I represent a lot of streamers/influencers or the agencies and the more YouTube/Twitch or other platforms gain in importance compared to linear TV and radio etc., the more exciting legal questions arise.
Today, however, I also noticed a new issue that has been brought to my attention a time or two in the past, but honestly never led to legal action.
It’s about female streamers/YouTubers who are repeatedly exposed to sometimes very nasty comments, requests and discussions. In recent days, Jasmin Sibel, better known as “Gnu,” has reignited the issue. She has been on YouTube and Twitch since 2015, is one of the biggest German-speaking gaming influencers and has already spoken out several times on the topic of sexism in the gaming industry, and is now once again openly criticizing user behavior in a video.
Enough has already been written about the content of the video, but I would like to write a few words about the legal options.
Violated personal rights?
It would be possible that personal rights as a streamer are violated through comments on the Internet or on social media platforms, through messages, e-mails or similar. Then you should urgently check whether the streamer against the author is not, for example, injunctive relief under § 1004 para. 1 S.
2 BGB analog, § 823 para. 1 BGB are entitled to. Violated norms may well be § 22 KUG, Art. 1 para. 1, 2 par. 1 GG, §§ 185 ff. StGB or Art. 8 ECHR in question.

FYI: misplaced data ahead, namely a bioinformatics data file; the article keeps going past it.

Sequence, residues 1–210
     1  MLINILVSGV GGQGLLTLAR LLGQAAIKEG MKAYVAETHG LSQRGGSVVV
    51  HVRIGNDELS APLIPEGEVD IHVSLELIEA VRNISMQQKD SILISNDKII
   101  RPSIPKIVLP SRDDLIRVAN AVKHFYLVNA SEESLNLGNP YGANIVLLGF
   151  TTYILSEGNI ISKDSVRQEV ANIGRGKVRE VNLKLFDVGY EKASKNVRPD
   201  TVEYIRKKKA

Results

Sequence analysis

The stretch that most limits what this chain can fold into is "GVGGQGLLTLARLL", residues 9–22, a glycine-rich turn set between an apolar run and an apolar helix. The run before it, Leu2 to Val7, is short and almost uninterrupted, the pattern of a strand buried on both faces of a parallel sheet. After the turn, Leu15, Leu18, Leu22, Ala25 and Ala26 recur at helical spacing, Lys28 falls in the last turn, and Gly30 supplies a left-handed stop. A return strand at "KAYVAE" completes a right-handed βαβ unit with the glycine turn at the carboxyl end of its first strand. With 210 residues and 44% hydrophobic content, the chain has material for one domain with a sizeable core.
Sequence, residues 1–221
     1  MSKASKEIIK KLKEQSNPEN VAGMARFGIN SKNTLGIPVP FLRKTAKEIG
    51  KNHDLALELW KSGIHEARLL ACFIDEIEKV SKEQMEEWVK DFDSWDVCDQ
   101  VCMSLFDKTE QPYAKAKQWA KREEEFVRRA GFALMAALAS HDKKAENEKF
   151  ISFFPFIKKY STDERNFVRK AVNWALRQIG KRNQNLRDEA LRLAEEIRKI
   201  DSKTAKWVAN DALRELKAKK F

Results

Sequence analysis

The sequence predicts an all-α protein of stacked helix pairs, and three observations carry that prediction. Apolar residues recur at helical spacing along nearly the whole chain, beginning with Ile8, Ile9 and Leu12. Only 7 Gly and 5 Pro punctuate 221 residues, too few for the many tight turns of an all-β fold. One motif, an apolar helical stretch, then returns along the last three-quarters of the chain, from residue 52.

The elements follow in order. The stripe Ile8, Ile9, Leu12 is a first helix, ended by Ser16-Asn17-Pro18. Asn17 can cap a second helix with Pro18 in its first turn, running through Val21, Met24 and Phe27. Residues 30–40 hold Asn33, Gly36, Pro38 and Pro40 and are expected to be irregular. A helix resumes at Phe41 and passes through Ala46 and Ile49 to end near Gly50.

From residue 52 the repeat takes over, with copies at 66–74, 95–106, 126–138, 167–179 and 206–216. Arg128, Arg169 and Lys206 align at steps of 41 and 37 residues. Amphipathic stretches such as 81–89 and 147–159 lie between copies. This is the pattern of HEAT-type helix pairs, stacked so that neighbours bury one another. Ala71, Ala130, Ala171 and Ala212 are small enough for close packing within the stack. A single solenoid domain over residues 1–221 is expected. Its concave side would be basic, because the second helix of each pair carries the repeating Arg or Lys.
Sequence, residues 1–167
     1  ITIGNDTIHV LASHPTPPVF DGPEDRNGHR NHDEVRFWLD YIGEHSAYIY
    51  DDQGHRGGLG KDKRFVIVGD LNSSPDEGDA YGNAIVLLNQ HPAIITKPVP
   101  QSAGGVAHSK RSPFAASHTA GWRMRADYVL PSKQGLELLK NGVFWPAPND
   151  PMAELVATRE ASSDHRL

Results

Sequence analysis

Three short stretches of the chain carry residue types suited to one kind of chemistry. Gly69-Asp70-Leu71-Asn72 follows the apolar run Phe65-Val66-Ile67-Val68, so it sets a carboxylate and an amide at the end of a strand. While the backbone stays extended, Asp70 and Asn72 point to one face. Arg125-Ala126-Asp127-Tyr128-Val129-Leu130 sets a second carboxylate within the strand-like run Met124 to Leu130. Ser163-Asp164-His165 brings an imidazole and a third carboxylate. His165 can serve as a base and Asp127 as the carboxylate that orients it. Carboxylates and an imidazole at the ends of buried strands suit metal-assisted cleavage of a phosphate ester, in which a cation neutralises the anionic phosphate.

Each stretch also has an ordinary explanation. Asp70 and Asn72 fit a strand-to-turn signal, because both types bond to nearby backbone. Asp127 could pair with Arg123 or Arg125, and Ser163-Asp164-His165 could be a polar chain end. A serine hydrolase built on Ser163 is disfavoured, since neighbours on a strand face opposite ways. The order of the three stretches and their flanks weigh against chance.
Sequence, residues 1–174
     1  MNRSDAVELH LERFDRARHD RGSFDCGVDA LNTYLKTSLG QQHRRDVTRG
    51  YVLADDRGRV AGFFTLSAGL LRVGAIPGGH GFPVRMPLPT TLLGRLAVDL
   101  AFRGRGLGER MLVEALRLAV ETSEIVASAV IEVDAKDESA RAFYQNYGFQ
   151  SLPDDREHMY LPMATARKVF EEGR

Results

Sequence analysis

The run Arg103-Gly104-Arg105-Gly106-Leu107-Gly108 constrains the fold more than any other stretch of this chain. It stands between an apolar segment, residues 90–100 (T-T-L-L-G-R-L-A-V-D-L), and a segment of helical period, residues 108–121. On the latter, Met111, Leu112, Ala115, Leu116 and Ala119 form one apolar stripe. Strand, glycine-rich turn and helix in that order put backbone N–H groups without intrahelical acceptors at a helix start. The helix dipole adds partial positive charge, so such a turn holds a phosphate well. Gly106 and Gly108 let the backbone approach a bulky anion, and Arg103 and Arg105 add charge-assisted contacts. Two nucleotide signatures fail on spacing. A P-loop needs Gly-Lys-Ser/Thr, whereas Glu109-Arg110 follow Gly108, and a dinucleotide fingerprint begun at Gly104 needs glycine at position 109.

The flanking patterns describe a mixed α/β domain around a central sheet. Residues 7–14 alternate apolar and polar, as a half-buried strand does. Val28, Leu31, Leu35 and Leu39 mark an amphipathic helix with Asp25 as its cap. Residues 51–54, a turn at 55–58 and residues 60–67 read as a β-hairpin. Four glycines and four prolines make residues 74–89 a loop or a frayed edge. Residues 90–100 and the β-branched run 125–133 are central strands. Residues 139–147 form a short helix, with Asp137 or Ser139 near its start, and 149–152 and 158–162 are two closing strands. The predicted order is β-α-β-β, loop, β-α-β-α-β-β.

However, I have also had cases in the past that went as far as threatening and could therefore definitely require police intervention. Female streamers in particular, who show themselves more freely on Twitch or YouTube, are repeatedly confronted with requests for dates or similar and sometimes receive explicit offers. It is therefore all too understandable that they are afraid of publishing private addresses in an imprint, for example. Here, however, one can only advise those affected to exhaust the legal remedies and, in addition to temporary injunctions, to have them check, for example, whether claims based on legal norms for the prevention of stalking or so-called applications for protection against violence are possible. In the past, there have also been so-called endangerment approaches by the police in such cases. And if you feel threatened, everyone also has the right to file a criminal complaint. You don’t have to be afraid of that at all. But there should be concrete clues, contents and also info/names, so that the whole thing is not just a waste of time.
Ignoring is not a good idea
However, we often hear from female streamers that they are afraid of legal action and, of course, the costs for a lawyer. But this is certainly a mistake, because not only is the danger from fans sometimes real, but sexualized language in particular can be an enormous psychological burden for the streamer. The Internet is not a lawless space and a consistent approach can not only help you, but of course also “wake up” your own community. Reputable platforms (but also porn sites) usually do not accept unauthorized content or infringement and respond very quickly to DMCA requests. In this case, you are usually only left with the money for your own lawyer. But it should be worth it to you.
I am open to a brief consultation at any time and we can work together to determine if a course of action makes sense.